The trendy Paleo diet is far from new.
The diet is based on foods eaten during the Paleolithic era, dating from 2.5 million to 10,000 years ago.
A Paleo diet typically includes lean meats, fish, fruits, vegetables, nuts and seeds — foods obtained through hunting and gathering. It limits dairy products, legumes and grains, foods common after farming emerged about 10,000 years ago. Sugar and alcohol are also avoided.
The logic of adherents is that the human gut microbiota has not adapted yet to modern foods. This mismatch is believed to be a contributing factor to the prevalence of obesity, diabetes and heart disease today.
Dietary Effects on Microbiota—New Trends with Gluten-Free or Paleo Diet detailed the changes nicely in a paper published recently in Medical Sciences online.
The popular Paleo regimen perhaps has its closest replica in the diet of Hadza hunter-gatherers from Tanzania. Microbiota analysis of their stools should mirror our ancient gut microbiota before the inclusion of gluten.
Indeed, one groundbreaking study showed clear differences in microbial pattern and intestinal metabolites when compared to urban-living Italians.
The gut microbiota from Hadza show a higher microbial richness and biodiversity compared to microbiota from Italian controls.
Ancient vs modern diet: differences
- The Hadza microbiota is dominated by phylum Firmicutes (72%), Bacteroidetes (17%), Proteobacteria (6%), and Spirochaetes (3%).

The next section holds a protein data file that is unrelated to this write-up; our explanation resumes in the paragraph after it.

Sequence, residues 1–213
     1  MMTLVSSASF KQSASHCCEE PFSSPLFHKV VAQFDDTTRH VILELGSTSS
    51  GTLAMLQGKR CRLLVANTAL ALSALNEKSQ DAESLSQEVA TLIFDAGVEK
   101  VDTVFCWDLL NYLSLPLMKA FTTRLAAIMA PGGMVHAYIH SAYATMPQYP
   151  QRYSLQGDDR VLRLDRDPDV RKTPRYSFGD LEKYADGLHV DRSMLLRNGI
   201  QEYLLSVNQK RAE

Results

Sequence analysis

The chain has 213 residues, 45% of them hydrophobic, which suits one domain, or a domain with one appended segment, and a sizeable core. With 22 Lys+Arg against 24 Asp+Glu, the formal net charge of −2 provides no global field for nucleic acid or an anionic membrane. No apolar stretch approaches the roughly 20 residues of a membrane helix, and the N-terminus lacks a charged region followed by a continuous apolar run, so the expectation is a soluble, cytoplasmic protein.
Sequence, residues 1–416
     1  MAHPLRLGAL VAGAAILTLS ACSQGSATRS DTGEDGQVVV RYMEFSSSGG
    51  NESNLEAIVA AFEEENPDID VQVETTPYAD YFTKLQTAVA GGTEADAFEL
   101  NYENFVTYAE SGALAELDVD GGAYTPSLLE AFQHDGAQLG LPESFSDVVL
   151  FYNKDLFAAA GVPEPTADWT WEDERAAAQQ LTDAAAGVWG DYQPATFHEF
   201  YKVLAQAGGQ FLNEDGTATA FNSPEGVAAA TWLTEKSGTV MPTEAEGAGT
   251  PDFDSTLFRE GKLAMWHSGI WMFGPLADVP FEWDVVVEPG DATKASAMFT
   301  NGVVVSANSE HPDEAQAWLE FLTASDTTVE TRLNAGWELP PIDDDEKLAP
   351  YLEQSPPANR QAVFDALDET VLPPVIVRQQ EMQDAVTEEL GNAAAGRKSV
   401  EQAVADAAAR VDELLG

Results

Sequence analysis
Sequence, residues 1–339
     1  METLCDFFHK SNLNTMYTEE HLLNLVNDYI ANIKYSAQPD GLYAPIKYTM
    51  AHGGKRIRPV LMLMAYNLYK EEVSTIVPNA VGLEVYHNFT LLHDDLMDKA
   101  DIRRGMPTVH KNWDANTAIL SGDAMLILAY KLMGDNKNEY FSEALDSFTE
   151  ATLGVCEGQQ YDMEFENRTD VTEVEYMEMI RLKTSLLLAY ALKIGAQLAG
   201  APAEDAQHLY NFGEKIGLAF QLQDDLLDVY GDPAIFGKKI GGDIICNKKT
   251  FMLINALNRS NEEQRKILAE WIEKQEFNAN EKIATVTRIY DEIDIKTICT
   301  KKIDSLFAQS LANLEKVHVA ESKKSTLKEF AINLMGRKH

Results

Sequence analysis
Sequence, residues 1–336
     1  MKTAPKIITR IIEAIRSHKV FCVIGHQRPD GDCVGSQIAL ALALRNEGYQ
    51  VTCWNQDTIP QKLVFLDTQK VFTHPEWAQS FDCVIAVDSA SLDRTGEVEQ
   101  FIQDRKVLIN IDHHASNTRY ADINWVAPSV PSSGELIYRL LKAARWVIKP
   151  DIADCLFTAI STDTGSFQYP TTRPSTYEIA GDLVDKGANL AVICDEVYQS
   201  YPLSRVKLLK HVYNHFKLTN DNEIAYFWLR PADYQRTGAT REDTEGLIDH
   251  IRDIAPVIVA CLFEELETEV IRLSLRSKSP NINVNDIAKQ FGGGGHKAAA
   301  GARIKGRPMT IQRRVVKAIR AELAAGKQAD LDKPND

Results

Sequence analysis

- Very low levels of Proteobacteria and Spirochaetes in the Italian control group
- Absence of Bifidobacterium in Hazda group
- Peculiar arrangement of Clostridiales taxa in Hazda group
- Analysis of the genus level reveals increased quantities of microbiota engaged in fiber digestion.
- In addition, there was a surplus of sphingolipids and glycerophosholipids reported to exert an anti-inflammatory effect and may be responsible for the low immune stress in Hadza hunters.
“In summary, the remarkable microbial community with an altered metabolome from Hadza feces may be an adaptation and precondition for the specialized form of nutrition and may yield a benefit for this atypical lifestyle.”Zopf, Yurdagül et al. “Dietary Effects on Microbiota-New Trends with Gluten-Free or Paleo Diet.” Medical sciences (Basel, Switzerland) vol. 6,4 92. 18 Oct. 2018, doi:10.3390/medsci6040092
Elimination diets may be healthy. More research is needed on that. The big difference between the paleo diet and other healthy diets is the absence of whole grains and legumes, good sources of fiber, vitamins and other nutrients. Also absent from the diet are dairy products, which are good sources of protein and calcium.
In summary, the cereal-free Paleo diet reveals major differences in microbiota and metabolome and challenges our understanding of beneficial gut microbiota.
If the basic tenet of the Paleo diet is correct—that human microbiota have not adapted to modern foods—then the addition of ancient probiotic foods and supplements may be beneficial. Stay tuned.
Paleo diet essentials (Mayo Clinic)
- Nuts and seeds
- Lean meats, especially grass-fed animals or wild game
- Fish, especially those rich in omega-3 fatty acids, such as salmon, mackerel and albacore tuna
- Oils from fruits and nuts, such as olive oil or walnut oil
What to avoid
- Grains, such as wheat, oats and barley
- Legumes, such as beans, lentils, peanuts and peas
- Dairy products
- Refined sugar
- Highly processed foods in general